In the final moments of the 86th Legislative Session in Austin, a bill extending the life of the State Board of Plumbing Examiners was killed in the Texas House, thus resulting in the end of licensed plumbing in Texas and one of the biggest accidental victories in occupational license reform in Texas.
At least, that was supposed to be the outcome. Now, hopes for a free plumbing market in Texas appear to have gone down the drain.
Since then, plumbing trade groups have been vocally demanding the legislature return for a special session in order to protect its occupational license scheme, looking out for their own protectionist barriers to entry and trying to flush out the competition. On Tuesday morning, Gov. Greg Abbott took to Twitter to say that they need not worry:
“We’ve got this. The Legislature has given the Governor many tools in my toolbox to extend the State Board of Plumbing Examiners for two years without needing to call a special session,” said Abbott. “We will let you know very soon. Don’t worry.”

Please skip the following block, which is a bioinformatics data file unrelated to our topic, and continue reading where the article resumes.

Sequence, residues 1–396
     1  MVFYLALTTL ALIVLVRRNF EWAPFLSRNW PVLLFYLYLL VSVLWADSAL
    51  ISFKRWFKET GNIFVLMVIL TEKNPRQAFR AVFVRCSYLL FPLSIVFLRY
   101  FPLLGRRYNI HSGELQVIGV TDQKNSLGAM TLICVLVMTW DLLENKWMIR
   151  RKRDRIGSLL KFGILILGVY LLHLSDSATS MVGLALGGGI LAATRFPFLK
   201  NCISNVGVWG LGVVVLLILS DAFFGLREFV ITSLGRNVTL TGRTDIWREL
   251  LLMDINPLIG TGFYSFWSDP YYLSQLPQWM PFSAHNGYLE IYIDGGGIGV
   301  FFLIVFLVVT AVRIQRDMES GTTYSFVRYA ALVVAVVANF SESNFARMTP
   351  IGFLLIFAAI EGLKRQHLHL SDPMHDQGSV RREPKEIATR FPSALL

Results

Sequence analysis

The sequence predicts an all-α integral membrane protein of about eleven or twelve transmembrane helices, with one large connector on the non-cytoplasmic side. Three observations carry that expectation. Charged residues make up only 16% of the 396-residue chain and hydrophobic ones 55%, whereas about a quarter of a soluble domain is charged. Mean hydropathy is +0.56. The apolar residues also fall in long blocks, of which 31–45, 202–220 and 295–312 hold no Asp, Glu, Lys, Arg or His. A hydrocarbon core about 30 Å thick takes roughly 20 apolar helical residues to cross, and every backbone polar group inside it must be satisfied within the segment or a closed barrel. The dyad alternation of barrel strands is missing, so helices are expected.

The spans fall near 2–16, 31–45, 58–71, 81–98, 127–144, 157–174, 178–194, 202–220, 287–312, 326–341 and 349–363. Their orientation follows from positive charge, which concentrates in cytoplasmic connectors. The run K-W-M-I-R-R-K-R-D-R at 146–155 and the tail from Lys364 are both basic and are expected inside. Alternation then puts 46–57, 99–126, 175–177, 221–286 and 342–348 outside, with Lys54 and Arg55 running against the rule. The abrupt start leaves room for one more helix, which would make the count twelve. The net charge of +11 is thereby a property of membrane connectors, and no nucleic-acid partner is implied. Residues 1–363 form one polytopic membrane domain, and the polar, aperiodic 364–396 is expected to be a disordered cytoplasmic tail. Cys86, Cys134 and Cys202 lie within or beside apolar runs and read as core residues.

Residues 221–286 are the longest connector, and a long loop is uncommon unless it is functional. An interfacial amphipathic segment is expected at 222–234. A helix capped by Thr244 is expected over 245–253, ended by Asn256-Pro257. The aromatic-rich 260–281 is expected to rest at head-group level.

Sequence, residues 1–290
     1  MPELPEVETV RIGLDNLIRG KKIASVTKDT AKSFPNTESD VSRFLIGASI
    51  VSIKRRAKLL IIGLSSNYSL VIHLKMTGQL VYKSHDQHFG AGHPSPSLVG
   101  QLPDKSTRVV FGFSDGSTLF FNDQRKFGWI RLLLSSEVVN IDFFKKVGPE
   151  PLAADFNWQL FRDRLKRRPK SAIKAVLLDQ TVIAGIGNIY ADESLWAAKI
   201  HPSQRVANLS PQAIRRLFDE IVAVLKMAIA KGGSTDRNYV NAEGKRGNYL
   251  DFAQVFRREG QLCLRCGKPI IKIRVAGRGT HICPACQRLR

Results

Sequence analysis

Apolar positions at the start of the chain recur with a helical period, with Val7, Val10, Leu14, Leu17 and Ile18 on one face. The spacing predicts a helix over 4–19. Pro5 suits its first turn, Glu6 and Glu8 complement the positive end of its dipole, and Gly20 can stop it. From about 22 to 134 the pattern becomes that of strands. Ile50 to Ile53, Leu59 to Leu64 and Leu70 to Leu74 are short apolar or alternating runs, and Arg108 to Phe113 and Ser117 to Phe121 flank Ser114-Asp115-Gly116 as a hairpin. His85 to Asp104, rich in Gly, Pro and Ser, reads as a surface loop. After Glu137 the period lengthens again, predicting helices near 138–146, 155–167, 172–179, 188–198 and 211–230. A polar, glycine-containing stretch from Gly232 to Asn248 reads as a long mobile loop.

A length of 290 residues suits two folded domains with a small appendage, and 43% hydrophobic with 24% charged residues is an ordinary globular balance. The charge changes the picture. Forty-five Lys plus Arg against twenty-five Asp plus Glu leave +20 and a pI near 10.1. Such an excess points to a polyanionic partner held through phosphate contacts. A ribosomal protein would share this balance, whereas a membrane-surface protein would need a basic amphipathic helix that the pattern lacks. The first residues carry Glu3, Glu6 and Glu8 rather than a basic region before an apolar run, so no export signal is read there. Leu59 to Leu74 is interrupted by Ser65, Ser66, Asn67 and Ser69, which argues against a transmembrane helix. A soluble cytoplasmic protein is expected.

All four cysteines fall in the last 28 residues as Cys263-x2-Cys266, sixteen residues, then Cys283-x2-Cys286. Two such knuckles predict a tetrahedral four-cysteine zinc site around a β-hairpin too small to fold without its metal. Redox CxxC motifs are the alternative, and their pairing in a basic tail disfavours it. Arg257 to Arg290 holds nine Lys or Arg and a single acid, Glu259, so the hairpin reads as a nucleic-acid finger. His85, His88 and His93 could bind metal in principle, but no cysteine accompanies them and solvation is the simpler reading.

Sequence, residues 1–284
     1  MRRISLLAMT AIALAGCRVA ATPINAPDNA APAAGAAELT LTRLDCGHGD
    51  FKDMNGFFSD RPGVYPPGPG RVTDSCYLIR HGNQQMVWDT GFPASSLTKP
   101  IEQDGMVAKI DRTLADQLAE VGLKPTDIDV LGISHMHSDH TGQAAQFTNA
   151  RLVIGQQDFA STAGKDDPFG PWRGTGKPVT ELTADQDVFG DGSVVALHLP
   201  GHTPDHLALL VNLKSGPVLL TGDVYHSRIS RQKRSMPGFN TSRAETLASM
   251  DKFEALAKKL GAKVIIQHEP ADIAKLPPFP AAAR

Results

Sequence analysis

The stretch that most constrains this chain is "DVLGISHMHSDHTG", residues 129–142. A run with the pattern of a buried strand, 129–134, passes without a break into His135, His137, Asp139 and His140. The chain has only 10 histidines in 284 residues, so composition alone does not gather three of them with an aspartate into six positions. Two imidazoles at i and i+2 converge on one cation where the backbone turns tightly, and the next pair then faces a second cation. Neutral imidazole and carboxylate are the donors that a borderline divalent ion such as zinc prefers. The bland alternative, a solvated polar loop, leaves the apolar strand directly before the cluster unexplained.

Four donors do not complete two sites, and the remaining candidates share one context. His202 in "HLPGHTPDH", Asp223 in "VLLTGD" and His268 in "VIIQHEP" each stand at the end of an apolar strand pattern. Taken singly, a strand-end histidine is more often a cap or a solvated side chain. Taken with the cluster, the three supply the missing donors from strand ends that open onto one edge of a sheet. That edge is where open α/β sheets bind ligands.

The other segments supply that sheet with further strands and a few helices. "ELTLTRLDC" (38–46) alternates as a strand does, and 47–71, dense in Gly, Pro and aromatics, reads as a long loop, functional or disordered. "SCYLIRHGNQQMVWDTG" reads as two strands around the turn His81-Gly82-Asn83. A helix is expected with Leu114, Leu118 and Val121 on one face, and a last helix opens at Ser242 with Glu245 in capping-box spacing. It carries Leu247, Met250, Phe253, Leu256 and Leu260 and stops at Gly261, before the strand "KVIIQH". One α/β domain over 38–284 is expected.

While it’s unclear exactly what avenue Abbott is planning on taking to sidestep the state Legislature and continue the agency’s operation until the next legislative session, the vow comes in stark contrast to Abbott’s previous comments on occupational license reform.
“Proponents of occupational licensing argue it ensures the safety and reliability of products and services,” wrote Abbott in 2014 in a report on occupational licensing. “Such claims are dubious, however. In a competitive and free market, one must always stay ahead of the next competitor or risk losing business.”
His report continues to detail the negative economic effects that come with such licensing:
The practice of state licensure is so ubiquitous that it rarely receives the attention it deserves, but a growing body of evidence and research reveals that occupational licensing schemes can have broad, negative effects on the job market. One study of national trends found that occupational licensing programs reduce the rate of job growth by 20 percent. The same study estimated that the total economic cost of licensing regulations from reduced job growth, decreased competition, higher prices, and discouraged innovation and investment falls between $34.8 billion and $41.7 billion per year.
The Lone Star State is no stranger to absurd occupational licensing. As one of the states with the highest occupational licensing burdens in the country, recent legislative sessions have seen debates over licensing interior designers and eyebrow threaders.
As for the plumbers, Abbott is expected to announce his plan for extending their regulatory board in the coming weeks. Without his intervention, the board will cease to license plumbers on September 1.